If you are looking for a low-carb, gluten-free pizza base mix, then again, there are many choices available online at Amazon, All Natural Low Carb Grocery and Nutrition.
Make sure any ingredients used are also low in carbohydrates and ideally with no added sugars. You will find some crusts can have more carbs than others depending on the ingredients used.
Gluten-Free Pizza Yields
The good news is that even though pizza crust is usually made with high gluten content, it can still be a keto-friendly food if you make it yourself from low-carb flour such as almond or coconut.
One 1/4 cup serving contains between 1.5 – 2g net carbohydrates, depending on the ingredients you use.
Ingredients for 1/4 cup of low carb pizza crust:
1 scoop (30g) of Carbquik OR 1/4 cup (30g) of almond flour (if using this, then add a teaspoon of baking powder to make it rise more).
You will need to make your own low-carb pizza base, a food processor or mixing bowl and fork, some cheese for topping, and seasonings of choice.
Remember, it is better to eat homemade than buy the ready-made versions containing high carbohydrates and added sugars.
A great guide from Dietdoctor.org shows you how to prepare your own homemade Pizza dough.
A Gluten-Free (Low Carb) Pizza should look like this for 1/4 of the pizza:
- Small = 4 slices of pepperoni and 7 olives
- Medium = 8 slices of pepperoni and 14 olives
- Large = 12 slices of pepperoni and 21 olives.
If you are using a store-bought gluten-free pizza base, then be sure to check the nutrition information for carbs and net carb content.
If you are making your own keto-friendly vegetable pizza toppings, it is important to keep an eye on how much sauce is used to add lots of extra calories or carbohydrates.
The recommended serving size is two tablespoons, but the calories will go up if you use a higher-carb tomato-based sauce. It is best to choose a keto-friendly low sugar or sugar-free pizza sauce instead.
Sugar-Free Tomato Sauce is easy to make yourself using passata and seasonings of your choice.
You can also buy low-carb and sugar-free tomato sauces online. This is the best one I’ve ever used.
Keto-Friendly Vegetable Pizza Toppings
The possibilities are endless when it comes to keto-friendly veggie pizza toppings, so here is a quick list and some ideas on how to make the most out of your toppings. Remember that for each serving, you will need around 2 tbsp of sauce.
With the following keto-friendly vegetable pizza toppings, you will only need 2 tbsp of low carb tomato-based sauce per serving:
- Keto Chicken Pizza (use 3 tablespoons of tomato-based sauce)
- Meatball Pizza (use 6 tablespoons of tomato-based sauce)
- Pepperoni & Mushroom Pizza (use 4 tablespoons of tomato-based sauce)
- Pepperoni & Olive Pizza (use 2 tablespoons of tomato-based sauce)
- Spinach & Feta pizza (use 1/4 cup of feta cheese and 3 tbsp of tomato-based sauce)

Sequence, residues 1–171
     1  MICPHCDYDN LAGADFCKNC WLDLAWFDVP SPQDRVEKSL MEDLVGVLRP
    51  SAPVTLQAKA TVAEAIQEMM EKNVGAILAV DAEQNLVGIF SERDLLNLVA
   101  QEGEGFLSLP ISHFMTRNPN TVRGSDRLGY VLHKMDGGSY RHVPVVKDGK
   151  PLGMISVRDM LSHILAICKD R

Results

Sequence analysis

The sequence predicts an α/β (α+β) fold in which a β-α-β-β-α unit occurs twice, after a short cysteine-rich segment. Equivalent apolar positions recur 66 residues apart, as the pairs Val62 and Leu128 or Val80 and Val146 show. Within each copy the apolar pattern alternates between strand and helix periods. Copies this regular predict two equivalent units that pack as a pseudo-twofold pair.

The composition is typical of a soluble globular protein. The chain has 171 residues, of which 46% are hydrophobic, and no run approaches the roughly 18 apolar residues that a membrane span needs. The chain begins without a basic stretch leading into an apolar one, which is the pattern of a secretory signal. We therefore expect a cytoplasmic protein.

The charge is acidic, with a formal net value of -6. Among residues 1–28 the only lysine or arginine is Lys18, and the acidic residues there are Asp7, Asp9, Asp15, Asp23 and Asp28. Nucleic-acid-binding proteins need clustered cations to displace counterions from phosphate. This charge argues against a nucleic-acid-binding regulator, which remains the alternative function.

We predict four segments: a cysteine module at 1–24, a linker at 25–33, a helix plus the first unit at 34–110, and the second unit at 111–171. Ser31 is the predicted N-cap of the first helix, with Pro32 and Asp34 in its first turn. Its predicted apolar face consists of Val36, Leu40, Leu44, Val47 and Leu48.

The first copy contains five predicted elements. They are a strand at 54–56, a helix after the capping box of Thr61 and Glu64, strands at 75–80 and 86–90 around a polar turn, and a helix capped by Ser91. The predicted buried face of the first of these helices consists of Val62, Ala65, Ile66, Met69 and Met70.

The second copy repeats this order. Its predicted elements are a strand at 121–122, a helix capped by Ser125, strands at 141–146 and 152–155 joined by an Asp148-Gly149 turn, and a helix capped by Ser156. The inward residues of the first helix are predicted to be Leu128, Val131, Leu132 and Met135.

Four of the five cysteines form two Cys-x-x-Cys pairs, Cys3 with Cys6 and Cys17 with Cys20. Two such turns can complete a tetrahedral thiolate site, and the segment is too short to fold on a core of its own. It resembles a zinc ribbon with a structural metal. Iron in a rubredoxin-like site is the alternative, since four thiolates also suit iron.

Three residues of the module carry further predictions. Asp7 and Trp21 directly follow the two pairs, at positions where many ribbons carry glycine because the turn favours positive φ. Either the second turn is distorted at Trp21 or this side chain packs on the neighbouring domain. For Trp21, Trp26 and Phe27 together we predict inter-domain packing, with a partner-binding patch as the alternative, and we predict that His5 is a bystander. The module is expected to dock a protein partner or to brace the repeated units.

The best way to make any pizza keto-friendly is to simply use the vegetables you love in place of a low-carb crust.
If you love your pizzas, then using a vegetable base is just as simple to make as the crust version and can be even tastier if you choose great keto pizza toppings such as:
- Keto Chicken & Broccoli Pizza (use 3 tablespoons of tomato-based sauce)
- Keto Spicy Chicken Pizza (use 3 tablespoons of tomato-based sauce)
- Keto Pepperoni & Mushroom Pizza (use 4 tablespoons of tomato-based sauce)
- Spinach & Feta Veggie Pizza( use 2 slices per person and 1/4 cup of feta cheese, plus 3 tbsp of tomato-based sauce).
You can even make your own 5 minutes keto pizza sauce at home and experiment with your favorite low-carb pizza toppings.
The best sauces are typically made with fresh ingredients, but you can buy ready-made ones online or at health food stores if you don’t have time to make your own sauce.
What is the deal with added sugars in gluten-free food products?
Here’s a very informative article on the issue of added sugars in gluten-free food products by Dr. Axe:
Unfortunately, there are a few low-carb and GLUTEN FREE products that contain sugar and hidden carbs.
Some of these products include:
These are extremely high in calories (and therefore not keto-friendly) when eaten as directed with no keto-friendly toppings.
These are great for keto if eaten with the correct low-carb topping combinations and a balanced lifestyle that includes plenty of exercise!
Keto-friendly pizzas from popular restaurants
Some of the best-frozen pizza companies make good quality low-carb pizzas that will fit in well on a ketogenic diet:
– California Pizza Kitchen (they have 6 different types that are low carb)
There is not much information available on the nutritional facts of the gluten-free pizza at California Pizza Kitchen, but they appear to have a higher carb content than other frozen pizzas.
– Leggo’s Gluten-Free Pizzas (they have 4 low-carb pizza varieties). You can view the nutritional facts of these pizzas here.
– Smart on the Outside (they have 3 low-carb pizza varieties). You can view the nutrition facts for their pizzas here.
We would love to help you save time and money while you shop online for keto foods! This is when we will do all the hard work for you.
How to make a keto-friendly pizza at home?
The best way to make a keto-friendly pizza at home is by using a carb subtraction crust.
These are found in shops all over (you can check the one I usually use here), and they typically only have 1 net carb per serving.
These are great because you don’t have to cut the crust off the dough or keep tabs on how much toppings you add for carbs—making it very easy!
If you want to be more creative, then use an alternative gluten-free brand of dough such as:
- Newman’s Own (6 net carbs) (9 inches)
- Healthy living wheat dough (5 net carbs/2 per slice).
You also can avoid any sugar-free syrup used as a sweetener in this case so that you don’t go over your daily net carb intake.
We hope this post has been helpful to you and that it will help in your pursuit of keto-friendly pizzas. Is Gluten-Free Pizza Keto Friendly? Yes, but not all.
Leave a comment below to share your thoughts! If you have any questions, we would love to hear.